Gulliver, our logopillar
 M o n a r c h W a t c h




UPDATE: Links to other online articles added (see below)

11 February 2002

A massive moisture-bearing weather system moved into central Mexico late on 11 January 2002 which was followed by clearing skies and overnight lows in the mid to low 20s on the mornings of 14-16 January. What followed was unprecedented mortality at the monarch overwintering sites. In the following text I will summarize what is known at this time and will try to provide a perspective for this catastrophic event. --Dr. O. R. Taylor | Director, Monarch Watch

Catastrophic Mortality at the Monarch Overwintering Sites in Mexico

A report (Brower, et al., in prep; released for publication on 12 February 2002) of the deaths of tens of millions of monarchs at the two largest monarch overwintering sites in Mexico once again confirms the long held view that it is the overwintering sites that hold the key to the continuation of the monarch migration in eastern North America. Each fall hundreds of millions of monarchs migrate from Canada and the eastern United States to overwinter in Oyamel fir forests high in the Transvolcanic Mountains west of Mexico City. The Oyamel forests provide a cool and moist environment which shelters the monarchs from extreme temperatures allowing the butterflies to pass the winter in a relatively inactive state. The monarchs form dense clusters on the trees in the forest with densities of 10 million or more butterflies per hectare. The butterflies take flight on warm days visiting flowers for nectar and damp areas for moisture but for the most part they are inactive and sustain themselves through the winter by metabolizing fat stored in their abdomen. The forests provide substantial protection for the monarchs and the temperature and moisture changes within the forest are modest compared to the changes which occur in cleared areas adjacent to the colonies. Degradation of the forests at the colony sites is likely to break down this protection leading to higher mortality and greater vulnerability of the clustered butterflies to the occasional snow or freezing rain. It is clear that monarchs require relatively intact forests to successfully overwinter. The challenge is to maintain the integrity of these forests when the economic conditions are such that the local landowners (ejidatarios) view the trees as a source of income.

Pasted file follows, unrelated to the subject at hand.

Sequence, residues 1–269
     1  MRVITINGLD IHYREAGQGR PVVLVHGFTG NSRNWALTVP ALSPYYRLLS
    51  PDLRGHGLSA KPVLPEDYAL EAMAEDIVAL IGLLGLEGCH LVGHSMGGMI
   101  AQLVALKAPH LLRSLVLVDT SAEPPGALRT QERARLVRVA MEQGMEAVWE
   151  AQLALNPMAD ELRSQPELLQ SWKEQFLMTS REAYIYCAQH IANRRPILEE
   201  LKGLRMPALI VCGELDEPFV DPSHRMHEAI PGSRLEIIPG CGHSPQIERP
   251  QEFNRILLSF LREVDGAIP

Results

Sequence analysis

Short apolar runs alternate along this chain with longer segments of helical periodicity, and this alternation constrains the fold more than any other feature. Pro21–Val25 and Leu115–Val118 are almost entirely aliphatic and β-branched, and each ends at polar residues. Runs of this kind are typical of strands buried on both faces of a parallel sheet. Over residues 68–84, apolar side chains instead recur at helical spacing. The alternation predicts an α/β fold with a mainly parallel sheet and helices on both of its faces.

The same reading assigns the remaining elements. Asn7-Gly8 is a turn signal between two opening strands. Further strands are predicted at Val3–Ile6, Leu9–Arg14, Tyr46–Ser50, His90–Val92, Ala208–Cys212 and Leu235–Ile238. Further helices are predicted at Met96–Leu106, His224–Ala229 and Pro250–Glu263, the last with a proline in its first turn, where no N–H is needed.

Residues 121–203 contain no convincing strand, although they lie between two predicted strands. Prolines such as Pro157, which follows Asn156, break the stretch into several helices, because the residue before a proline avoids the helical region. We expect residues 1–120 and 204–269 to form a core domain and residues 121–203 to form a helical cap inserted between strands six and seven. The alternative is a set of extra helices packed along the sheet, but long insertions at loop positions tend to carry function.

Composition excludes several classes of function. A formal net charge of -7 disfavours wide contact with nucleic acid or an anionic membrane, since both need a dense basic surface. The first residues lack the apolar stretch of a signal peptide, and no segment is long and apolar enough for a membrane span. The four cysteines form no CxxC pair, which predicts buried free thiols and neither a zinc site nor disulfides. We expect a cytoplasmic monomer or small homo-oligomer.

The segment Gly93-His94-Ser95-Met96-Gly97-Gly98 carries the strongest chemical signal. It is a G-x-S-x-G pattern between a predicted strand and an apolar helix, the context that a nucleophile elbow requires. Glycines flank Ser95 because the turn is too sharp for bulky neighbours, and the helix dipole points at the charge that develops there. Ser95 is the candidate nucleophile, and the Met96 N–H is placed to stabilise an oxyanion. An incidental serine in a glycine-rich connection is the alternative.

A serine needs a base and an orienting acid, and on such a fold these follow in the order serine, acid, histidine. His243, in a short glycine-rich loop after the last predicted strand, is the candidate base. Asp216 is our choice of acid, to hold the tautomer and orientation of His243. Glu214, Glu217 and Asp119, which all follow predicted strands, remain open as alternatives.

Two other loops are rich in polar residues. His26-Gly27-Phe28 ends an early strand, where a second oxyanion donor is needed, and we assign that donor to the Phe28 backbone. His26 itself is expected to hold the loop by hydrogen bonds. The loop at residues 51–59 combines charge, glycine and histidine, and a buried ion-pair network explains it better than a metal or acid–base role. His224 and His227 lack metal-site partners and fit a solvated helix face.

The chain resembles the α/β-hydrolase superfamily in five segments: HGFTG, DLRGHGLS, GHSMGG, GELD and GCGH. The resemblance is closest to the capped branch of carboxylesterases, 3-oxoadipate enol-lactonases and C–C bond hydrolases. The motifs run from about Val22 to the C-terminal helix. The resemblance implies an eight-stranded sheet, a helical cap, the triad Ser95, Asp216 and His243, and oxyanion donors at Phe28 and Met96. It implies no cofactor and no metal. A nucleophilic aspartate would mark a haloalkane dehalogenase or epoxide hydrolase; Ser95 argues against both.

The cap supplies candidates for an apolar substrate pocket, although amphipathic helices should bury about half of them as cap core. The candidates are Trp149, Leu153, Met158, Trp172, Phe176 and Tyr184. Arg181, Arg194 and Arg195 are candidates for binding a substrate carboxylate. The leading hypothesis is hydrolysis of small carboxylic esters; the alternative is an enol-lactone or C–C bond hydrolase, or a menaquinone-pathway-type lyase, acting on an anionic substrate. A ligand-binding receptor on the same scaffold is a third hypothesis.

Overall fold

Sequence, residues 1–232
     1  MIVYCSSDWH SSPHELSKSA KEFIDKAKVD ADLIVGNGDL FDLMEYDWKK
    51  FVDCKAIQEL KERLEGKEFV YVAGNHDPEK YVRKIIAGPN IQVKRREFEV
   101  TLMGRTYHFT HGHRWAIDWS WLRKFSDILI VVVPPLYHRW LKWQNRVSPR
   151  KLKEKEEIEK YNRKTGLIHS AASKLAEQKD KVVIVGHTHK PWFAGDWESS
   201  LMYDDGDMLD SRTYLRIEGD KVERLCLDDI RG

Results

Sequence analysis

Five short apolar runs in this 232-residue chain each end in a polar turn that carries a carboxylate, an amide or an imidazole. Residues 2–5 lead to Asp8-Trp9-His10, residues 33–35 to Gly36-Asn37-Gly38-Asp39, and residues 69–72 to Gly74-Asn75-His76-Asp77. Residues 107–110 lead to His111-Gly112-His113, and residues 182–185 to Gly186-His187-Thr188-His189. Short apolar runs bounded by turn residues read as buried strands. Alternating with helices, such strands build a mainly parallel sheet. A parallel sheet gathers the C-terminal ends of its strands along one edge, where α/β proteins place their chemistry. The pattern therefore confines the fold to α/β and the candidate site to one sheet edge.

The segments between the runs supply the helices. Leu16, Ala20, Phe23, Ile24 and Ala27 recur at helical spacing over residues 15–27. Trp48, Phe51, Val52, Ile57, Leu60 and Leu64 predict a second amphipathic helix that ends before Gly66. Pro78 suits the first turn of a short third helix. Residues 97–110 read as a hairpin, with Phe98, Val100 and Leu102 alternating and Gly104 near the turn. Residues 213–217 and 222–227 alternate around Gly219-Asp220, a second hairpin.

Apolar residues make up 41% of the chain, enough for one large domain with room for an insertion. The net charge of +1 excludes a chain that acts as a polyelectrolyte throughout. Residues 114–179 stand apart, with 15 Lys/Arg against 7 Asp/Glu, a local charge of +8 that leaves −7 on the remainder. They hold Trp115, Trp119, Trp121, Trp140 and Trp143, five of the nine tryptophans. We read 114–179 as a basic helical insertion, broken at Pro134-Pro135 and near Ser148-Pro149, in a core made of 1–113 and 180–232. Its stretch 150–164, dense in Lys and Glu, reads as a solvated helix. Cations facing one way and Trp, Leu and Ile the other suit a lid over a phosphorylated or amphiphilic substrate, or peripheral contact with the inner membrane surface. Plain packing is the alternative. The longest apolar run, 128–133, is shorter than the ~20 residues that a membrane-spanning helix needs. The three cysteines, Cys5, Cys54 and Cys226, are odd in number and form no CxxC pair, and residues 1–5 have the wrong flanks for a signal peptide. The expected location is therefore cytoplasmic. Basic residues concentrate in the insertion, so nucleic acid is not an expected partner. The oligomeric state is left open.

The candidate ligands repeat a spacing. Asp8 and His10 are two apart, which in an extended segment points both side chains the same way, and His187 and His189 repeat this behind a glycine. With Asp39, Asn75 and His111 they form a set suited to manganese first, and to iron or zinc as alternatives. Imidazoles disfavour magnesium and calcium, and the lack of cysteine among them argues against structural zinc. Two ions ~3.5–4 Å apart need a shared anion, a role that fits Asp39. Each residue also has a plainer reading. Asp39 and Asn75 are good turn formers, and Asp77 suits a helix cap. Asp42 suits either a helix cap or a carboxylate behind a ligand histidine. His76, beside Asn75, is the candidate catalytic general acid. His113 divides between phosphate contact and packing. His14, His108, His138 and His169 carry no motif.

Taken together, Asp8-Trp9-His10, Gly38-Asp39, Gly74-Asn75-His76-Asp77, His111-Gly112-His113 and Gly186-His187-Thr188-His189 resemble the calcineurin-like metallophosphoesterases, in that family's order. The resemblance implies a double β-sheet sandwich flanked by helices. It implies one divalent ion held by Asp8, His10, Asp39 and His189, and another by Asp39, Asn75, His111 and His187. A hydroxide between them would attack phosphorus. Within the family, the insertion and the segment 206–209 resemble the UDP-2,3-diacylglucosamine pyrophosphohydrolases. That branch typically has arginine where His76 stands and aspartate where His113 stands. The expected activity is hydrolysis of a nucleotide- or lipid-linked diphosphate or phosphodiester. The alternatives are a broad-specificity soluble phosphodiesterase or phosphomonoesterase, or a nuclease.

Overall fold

Catastrophic mortality at the overwintering sites occurs from time to time. Historically most of the weather extremes leading to the deaths of masses of monarchs have been limited to one or a few colonies. Last year, a late season snow and ice storm (2-3 March 2001) killed modest numbers of monarchs at the two main colonies, El Rosario and Sierra Chincua but appeared to devastate some of the smaller colonies in the mountains to the east. A cold snap earlier in the year killed hundreds of thousands of monarchs at the San Andreas colony, a site with a badly degraded forest. Initially, the monarch mortality at San Andreas was attributed to intentional spraying by loggers, a claim that created a furor in the press and conservation community. A subsequent investigation showed that these monarchs died as a result of cold weather.

The Recent Snowstorm and Freezing Weather

The most recent monarch die-off was due to a weather pattern of unusual scope and severity. On January 11th a massive moisture-bearing weather system moved into central Mexico. This was unusual for January which is typically a dry month in central Mexico.

Rain began falling in Ocampo and Angangueo, the towns nearest the El Rosario and Chincua colonies, around sunup on the 12th . By Sunday morning 10 cm of rain was recorded in Angangueo. The rains continued and turned to snow on Sunday afternoon in the colonies. About 10 cm of snow fell at El Rosario and 5 cm at Chincua. Following the snowfall, the skies cleared and the overnight lows for the next three nights were in the 20s. Large numbers of butterflies were on the ground by Monday morning in piles variously described as 10-15 cm deep. By Wednesday the 16th, half of the El Rosario colony was on the ground - with the majority of the butterflies appearing to be dead or dying - and many still falling from the trees. Chincua seemed to fare better and by the 16th many butterflies were climbing back up on the vegetation and were flying. The colony at El Rosario, being at the edge of a large deforested area, may have had greater exposure to freezing temperatures than the colony at Chincua which was located in a tall stand of Oyamel fir trees on a more protected slope. Snowfall per se seems to be less of a factor in killing monarchs than the effect of wetting the butterflies combined with temperatures below 26 degrees F.